Destructive Conflict is the Most Serious Threat to Our Common Future

It ruins personal lives, prevents us from solving common problems, and underlies dystopian trends toward authoritarianism, chaos, and large-scale violence.

Intractable Conflict Challenge | The Complexity of the Conflict Problem | We All Have a Role to Play

We believe that the destructive-conflict-as-usual way in which the U.S. and many other societies now commonly address complex, large-scale, intractable conflict represents the single greatest threat to humanity and the planet.  Conflict problems are threatening all societies worldwide with some combination of three dystopian futures:

Constructive Conflict

Join us in calling for a dramatic expansion of efforts to limit the destructiveness of intractable conflict.

  • Anocracy – Failed systems of governance that prevent societies from wisely and equitably addressing key social, economic, and environmental problems;
  • Autocracy – The cynical exploitation of underlying social tensions by plutocratic and authoritarian actors using divide-and-conquer strategies to increasingly dominate and exploit citizens politically and economically; and
  • War – The escalation of tensions between deeply-divided social groups and between competing authoritarians and plutocrats to the point of large-scale and, potentially, catastrophic violence and destruction.

These conflict problems also undermine the ability of democracies to pursue the not-yet-realized ideal of governance that truly is "of the people, by the people, and for the people."  After all, in successful democracies, conflict is the principal mechanism through which unwise and unjust policies are challenged (and unwise and unjust challenges are rejected).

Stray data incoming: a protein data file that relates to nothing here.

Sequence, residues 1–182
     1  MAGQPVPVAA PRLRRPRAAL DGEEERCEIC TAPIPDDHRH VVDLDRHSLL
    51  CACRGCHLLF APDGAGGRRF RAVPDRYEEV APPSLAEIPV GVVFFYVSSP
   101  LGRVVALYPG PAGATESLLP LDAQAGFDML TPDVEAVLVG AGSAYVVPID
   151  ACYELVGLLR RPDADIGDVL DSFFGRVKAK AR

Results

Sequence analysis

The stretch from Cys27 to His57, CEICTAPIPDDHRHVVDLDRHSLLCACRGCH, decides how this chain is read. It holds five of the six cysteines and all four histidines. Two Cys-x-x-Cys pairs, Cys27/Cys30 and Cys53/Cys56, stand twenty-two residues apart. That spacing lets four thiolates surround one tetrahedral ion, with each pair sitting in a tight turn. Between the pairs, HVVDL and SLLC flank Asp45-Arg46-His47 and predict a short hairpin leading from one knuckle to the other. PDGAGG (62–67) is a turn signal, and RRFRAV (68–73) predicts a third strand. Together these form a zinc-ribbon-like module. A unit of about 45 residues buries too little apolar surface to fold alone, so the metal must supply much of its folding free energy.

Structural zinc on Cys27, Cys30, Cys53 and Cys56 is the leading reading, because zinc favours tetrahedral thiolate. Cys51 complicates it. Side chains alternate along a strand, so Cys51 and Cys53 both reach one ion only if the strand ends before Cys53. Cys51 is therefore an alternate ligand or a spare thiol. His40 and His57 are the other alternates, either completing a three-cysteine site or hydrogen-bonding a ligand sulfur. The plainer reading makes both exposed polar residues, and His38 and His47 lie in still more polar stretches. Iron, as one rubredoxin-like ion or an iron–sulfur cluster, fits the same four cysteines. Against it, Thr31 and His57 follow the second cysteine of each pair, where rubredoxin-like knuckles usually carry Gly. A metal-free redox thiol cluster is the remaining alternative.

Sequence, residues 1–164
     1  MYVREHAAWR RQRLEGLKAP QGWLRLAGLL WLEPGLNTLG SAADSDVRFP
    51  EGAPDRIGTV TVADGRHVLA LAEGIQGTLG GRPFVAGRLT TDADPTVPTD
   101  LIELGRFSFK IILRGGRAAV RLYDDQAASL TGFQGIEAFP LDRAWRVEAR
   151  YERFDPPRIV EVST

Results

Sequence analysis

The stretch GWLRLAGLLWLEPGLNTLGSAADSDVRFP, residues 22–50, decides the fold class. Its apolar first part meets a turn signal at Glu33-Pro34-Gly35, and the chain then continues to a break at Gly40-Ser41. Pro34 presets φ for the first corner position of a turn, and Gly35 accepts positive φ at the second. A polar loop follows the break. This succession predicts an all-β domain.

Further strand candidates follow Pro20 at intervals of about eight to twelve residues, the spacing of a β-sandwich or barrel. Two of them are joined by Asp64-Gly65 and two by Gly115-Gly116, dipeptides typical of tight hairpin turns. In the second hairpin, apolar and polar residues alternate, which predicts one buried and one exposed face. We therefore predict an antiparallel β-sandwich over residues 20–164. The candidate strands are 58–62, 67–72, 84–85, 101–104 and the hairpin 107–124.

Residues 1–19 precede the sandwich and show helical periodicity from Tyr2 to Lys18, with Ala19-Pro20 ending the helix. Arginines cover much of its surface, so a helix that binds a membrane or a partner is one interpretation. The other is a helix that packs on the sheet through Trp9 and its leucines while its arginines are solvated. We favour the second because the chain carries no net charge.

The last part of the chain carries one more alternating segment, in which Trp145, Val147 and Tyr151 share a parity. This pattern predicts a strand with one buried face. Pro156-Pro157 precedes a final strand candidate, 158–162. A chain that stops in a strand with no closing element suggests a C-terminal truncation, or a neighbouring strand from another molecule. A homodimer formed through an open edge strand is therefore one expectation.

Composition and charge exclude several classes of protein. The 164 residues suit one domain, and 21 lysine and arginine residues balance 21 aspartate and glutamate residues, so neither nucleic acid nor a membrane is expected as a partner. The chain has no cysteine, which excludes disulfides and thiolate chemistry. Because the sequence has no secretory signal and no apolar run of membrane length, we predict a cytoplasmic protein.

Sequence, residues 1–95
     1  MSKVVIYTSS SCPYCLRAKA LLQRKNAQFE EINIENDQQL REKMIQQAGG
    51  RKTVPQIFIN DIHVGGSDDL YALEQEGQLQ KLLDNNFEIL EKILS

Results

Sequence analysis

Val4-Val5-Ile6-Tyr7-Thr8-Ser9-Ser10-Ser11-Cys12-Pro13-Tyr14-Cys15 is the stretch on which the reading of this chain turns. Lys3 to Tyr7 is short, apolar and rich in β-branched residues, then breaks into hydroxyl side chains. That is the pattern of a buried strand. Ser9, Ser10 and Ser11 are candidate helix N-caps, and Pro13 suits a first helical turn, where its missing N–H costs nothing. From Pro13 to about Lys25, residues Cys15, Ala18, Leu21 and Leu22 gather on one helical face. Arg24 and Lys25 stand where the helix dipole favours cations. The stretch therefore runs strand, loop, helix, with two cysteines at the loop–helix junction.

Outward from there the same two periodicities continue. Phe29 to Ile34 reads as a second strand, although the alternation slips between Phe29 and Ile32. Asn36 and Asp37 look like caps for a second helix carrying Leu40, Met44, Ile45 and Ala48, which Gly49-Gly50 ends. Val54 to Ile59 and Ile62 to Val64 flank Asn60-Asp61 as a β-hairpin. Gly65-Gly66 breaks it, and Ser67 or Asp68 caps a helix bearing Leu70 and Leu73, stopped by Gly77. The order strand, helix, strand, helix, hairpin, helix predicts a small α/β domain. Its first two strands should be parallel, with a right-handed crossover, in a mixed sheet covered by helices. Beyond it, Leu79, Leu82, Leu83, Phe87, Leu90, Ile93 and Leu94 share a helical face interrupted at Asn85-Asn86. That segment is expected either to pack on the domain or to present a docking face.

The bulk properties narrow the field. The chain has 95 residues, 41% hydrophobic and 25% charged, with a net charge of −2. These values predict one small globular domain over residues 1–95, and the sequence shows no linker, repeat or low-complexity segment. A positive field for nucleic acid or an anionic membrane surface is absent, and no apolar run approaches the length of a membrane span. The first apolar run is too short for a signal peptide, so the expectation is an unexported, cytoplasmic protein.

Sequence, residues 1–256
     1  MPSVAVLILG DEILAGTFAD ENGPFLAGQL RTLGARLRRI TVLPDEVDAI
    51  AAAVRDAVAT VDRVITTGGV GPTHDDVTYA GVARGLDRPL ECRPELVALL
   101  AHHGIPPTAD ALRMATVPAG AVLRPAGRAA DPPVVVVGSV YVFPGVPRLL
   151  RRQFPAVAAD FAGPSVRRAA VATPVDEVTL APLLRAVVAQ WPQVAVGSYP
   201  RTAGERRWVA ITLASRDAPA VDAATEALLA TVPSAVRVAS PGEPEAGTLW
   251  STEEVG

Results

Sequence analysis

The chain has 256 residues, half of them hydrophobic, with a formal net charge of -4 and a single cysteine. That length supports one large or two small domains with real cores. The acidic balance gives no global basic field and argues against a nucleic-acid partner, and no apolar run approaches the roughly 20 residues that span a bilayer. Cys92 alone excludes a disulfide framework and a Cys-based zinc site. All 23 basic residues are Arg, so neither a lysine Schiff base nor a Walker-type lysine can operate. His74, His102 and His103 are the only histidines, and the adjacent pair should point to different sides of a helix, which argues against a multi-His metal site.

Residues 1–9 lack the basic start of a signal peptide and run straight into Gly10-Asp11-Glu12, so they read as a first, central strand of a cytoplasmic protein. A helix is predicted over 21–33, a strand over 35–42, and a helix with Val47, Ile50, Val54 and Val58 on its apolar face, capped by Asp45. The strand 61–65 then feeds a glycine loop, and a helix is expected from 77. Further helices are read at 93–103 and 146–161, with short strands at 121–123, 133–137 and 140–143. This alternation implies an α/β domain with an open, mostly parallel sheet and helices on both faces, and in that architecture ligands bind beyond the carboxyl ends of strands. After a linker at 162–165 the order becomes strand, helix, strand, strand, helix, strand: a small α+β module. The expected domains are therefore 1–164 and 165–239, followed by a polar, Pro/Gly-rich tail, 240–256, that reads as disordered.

This post is part of the
Constructive Conflict
MOOS Seminar's

exploration of the tough challenges posed by the
Constructive Conflict Initiative.


We call attention to these dismal, dystopian trends with a fair amount of trepidation. In today's booming times, life is really very good, at least when viewed from the perspective of successful high-tech communities like the one in which we live.  Still, having spent most of our careers studying war, civil unrest, and destructive intractable conflicts, we have learned that things can go badly very fast in often very surprising ways.  Clearly, there are dangerous storm clouds on the near horizon.  If we wait for the big crisis to hit before acting, it will almost certainly be too late.  So, let's take advantage of the time we do have and try to figure out how how we can handle our conflicts more constructively. 

More information about our reasoning is contained in a series of short video lectures from our Conflict Frontiers Seminar listed below.  We also provide links to a number of articles from our BI in Context section that support our contention that the threat is very real.

Conflict Frontiers Videos: